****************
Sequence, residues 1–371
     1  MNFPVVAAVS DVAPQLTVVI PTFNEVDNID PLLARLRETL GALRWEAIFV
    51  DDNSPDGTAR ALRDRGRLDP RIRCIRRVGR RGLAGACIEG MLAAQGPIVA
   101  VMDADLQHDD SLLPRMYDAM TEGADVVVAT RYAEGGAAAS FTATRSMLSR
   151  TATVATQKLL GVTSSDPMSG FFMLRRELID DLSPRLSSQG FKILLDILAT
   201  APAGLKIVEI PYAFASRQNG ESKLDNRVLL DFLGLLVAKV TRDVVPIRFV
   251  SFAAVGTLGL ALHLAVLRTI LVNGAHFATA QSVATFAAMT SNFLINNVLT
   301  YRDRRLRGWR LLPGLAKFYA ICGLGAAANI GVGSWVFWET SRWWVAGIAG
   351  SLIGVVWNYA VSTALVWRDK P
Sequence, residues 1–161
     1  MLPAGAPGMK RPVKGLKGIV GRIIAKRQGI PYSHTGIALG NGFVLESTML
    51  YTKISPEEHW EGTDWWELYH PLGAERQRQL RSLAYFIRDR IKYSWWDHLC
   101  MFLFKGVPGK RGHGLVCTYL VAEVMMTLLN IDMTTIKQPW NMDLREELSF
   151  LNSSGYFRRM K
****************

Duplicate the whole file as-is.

Sequence, residues 1–371
     1  MNFPVVAAVS DVAPQLTVVI PTFNEVDNID PLLARLRETL GALRWEAIFV
    51  DDNSPDGTAR ALRDRGRLDP RIRCIRRVGR RGLAGACIEG MLAAQGPIVA
   101  VMDADLQHDD SLLPRMYDAM TEGADVVVAT RYAEGGAAAS FTATRSMLSR
   151  TATVATQKLL GVTSSDPMSG FFMLRRELID DLSPRLSSQG FKILLDILAT
   201  APAGLKIVEI PYAFASRQNG ESKLDNRVLL DFLGLLVAKV TRDVVPIRFV
   251  SFAAVGTLGL ALHLAVLRTI LVNGAHFATA QSVATFAAMT SNFLINNVLT
   301  YRDRRLRGWR LLPGLAKFYA ICGLGAAANI GVGSWVFWET SRWWVAGIAG
   351  SLIGVVWNYA VSTALVWRDK P
Sequence, residues 1–161
     1  MLPAGAPGMK RPVKGLKGIV GRIIAKRQGI PYSHTGIALG NGFVLESTML
    51  YTKISPEEHW EGTDWWELYH PLGAERQRQL RSLAYFIRDR IKYSWWDHLC
   101  MFLFKGVPGK RGHGLVCTYL VAEVMMTLLN IDMTTIKQPW NMDLREELSF
   151  LNSSGYFRRM K